A Comparative Study of Smoking in American and Japanese Adolescents: Self, Social Influences, and Health Beliefs

Mika Omori, Niwako Yamawaki, E. Lisako McKyer

研究成果: Article査読

4 被引用数 (Scopus)

抄録

Adolescent health-endangering behaviors are often explained in relation to psychosocial factors. The present study examined how differing psychosocial factors affect smoking by comparing American and Japanese adolescents. Participants in this study were 844 American (374 boys, 401 girls, and 69 undefined) and 734 Japanese (426 boys, 297 girls, and 11 undefined) students from the 7th to 12th grade. The average age of the American sample was 15.24 years old (SD = 2.05); the average age of the Japanese sample was 15.78 (SD = 1.16). Multiple regression analysis with a moderation analysis was conducted to examine the effects of culture on smoking status. A significant moderation effect of culture was found for the perceived prevalence of smoking among peers—perceived prevalence predicted smoking in the past month for Japanese adolescents but not for Americans. The results suggest that Japanese adolescents’ smoking behavior is influenced by the collectivistic nature of their culture.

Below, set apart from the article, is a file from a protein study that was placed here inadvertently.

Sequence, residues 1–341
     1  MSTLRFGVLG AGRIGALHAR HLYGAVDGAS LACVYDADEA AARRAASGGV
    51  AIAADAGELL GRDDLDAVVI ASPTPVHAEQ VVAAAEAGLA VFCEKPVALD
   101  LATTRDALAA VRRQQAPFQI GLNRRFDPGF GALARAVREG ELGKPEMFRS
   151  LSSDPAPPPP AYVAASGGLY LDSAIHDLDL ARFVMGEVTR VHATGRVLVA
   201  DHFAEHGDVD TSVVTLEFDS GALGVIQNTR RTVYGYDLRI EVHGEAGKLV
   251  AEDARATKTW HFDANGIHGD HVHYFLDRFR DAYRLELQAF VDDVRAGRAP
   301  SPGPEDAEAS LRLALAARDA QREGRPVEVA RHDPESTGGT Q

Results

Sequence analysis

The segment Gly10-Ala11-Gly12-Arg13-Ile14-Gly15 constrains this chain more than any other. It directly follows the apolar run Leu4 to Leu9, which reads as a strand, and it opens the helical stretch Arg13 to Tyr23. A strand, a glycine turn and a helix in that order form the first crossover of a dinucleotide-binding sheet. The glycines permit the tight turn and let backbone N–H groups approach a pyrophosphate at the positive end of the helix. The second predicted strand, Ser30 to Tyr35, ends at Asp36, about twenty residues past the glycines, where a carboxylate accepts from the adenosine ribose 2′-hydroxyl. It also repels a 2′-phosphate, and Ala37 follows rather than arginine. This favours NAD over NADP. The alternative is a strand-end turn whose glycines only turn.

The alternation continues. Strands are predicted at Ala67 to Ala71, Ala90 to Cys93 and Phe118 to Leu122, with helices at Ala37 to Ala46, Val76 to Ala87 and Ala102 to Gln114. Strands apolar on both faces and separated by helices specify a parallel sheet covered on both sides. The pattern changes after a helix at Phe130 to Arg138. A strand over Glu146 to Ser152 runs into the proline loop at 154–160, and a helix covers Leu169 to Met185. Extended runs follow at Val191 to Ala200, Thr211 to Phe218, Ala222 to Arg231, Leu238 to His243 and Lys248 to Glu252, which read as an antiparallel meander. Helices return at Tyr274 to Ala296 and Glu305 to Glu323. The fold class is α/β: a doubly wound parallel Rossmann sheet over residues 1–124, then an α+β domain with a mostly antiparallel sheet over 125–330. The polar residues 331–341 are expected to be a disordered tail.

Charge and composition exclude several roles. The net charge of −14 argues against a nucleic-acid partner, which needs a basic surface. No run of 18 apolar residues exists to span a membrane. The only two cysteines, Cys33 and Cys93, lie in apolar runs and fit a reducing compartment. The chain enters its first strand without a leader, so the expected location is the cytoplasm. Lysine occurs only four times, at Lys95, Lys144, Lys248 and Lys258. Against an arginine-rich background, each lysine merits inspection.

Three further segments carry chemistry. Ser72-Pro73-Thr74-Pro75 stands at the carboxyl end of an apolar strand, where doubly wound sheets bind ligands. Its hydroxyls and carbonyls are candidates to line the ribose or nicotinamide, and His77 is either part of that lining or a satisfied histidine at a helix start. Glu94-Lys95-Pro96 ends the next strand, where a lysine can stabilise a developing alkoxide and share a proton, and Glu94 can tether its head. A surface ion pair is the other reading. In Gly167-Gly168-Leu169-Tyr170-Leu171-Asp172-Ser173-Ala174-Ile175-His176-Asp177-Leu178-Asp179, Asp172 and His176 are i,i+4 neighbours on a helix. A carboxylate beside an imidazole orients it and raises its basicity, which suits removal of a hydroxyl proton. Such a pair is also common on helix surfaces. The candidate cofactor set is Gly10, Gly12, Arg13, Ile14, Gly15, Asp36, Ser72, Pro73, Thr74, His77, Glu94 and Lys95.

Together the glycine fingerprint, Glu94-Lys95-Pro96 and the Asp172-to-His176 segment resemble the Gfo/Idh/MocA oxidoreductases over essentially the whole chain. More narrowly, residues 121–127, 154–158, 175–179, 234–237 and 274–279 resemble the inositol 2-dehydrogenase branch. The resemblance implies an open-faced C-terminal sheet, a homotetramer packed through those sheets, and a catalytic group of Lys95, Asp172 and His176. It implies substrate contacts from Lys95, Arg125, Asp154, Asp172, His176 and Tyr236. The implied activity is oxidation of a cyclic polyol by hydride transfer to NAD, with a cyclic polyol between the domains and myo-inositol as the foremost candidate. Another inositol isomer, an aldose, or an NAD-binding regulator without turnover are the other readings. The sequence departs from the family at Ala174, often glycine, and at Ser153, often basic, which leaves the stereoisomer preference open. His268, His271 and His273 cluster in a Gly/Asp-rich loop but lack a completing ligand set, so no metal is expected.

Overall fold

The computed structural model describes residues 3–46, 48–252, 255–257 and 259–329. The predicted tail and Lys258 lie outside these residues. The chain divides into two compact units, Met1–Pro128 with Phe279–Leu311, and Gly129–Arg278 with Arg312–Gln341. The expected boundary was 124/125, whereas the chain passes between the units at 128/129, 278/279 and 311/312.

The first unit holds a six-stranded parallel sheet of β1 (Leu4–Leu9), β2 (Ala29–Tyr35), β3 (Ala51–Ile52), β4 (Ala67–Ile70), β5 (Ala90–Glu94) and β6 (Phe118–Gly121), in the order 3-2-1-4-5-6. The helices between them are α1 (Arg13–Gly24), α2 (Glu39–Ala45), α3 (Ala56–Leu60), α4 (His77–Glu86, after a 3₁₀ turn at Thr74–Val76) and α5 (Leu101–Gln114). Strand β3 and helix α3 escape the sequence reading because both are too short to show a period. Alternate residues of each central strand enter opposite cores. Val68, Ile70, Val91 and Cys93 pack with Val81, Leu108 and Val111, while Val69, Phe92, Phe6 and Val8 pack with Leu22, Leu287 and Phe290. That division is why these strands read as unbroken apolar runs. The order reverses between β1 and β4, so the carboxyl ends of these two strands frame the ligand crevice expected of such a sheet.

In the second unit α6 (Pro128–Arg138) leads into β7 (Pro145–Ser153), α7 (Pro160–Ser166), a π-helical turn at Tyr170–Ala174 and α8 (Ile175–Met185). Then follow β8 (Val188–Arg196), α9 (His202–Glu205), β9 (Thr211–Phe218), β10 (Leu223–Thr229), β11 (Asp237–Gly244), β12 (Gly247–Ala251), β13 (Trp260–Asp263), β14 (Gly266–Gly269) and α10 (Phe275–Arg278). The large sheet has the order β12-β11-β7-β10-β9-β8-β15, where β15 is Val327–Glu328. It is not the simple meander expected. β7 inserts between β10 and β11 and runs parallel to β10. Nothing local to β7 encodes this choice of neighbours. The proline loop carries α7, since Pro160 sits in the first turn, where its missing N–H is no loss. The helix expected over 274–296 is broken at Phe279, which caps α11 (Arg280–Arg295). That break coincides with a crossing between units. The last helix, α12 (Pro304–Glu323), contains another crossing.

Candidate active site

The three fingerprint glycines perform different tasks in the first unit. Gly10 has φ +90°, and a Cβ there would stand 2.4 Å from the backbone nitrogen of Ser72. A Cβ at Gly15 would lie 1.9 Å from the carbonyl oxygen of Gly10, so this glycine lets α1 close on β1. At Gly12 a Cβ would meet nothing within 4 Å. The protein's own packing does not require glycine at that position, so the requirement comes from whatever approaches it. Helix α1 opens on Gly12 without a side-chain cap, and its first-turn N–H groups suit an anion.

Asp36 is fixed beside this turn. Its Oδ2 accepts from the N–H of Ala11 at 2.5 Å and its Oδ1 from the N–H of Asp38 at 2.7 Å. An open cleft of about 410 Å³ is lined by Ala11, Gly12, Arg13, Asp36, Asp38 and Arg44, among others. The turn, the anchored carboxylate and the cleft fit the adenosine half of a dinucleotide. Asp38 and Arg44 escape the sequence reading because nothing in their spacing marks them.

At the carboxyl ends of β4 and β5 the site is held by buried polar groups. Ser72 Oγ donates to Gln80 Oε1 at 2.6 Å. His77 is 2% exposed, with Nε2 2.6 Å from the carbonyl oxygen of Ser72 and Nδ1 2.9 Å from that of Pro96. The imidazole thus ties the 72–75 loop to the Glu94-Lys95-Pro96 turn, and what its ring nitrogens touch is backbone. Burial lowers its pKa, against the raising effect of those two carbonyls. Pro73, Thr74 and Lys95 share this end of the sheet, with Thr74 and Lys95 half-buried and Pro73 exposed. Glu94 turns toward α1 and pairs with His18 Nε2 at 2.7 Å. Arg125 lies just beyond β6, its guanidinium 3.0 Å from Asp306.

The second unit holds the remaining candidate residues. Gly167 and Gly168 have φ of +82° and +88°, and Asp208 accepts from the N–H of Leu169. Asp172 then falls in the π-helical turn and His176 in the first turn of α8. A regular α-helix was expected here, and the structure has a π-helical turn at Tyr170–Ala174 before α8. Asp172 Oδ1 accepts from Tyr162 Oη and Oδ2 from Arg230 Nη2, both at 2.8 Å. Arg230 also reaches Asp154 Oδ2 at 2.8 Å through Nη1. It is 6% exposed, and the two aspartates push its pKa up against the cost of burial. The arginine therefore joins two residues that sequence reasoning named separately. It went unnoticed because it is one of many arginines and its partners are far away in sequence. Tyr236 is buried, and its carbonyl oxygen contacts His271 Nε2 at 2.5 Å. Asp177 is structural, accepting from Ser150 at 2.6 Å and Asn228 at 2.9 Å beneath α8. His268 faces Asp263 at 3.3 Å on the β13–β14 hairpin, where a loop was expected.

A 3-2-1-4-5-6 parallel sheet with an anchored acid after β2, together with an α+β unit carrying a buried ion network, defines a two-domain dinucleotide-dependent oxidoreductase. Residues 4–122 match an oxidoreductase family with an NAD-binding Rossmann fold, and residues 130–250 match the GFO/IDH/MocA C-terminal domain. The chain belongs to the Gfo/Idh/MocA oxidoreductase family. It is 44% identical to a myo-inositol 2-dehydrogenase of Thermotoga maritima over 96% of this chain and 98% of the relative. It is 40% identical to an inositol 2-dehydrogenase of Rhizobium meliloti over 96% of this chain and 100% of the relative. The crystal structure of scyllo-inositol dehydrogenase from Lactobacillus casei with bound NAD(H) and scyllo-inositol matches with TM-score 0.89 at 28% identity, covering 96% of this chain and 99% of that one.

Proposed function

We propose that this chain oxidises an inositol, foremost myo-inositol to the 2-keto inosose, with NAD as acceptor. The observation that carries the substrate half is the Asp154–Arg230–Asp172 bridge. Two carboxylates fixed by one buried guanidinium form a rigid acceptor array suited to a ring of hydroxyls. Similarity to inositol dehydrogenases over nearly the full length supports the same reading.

本文言語English
ページ(範囲)345-360
ページ数16
ジャーナルInternational Journal of Mental Health and Addiction
13
3
DOI
出版ステータスPublished - 2015 12 3
外部発表はい

ASJC Scopus subject areas

  • 精神医学および精神衛生

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